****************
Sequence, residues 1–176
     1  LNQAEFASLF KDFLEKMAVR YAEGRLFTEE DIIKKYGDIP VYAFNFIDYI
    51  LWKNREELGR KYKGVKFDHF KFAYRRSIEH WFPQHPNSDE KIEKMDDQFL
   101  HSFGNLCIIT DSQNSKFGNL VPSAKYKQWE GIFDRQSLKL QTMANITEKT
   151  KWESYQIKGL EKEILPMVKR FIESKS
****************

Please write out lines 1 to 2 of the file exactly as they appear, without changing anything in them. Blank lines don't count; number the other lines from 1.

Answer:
Sequence, residues 1–176
     1  LNQAEFASLF KDFLEKMAVR YAEGRLFTEE DIIKKYGDIP VYAFNFIDYI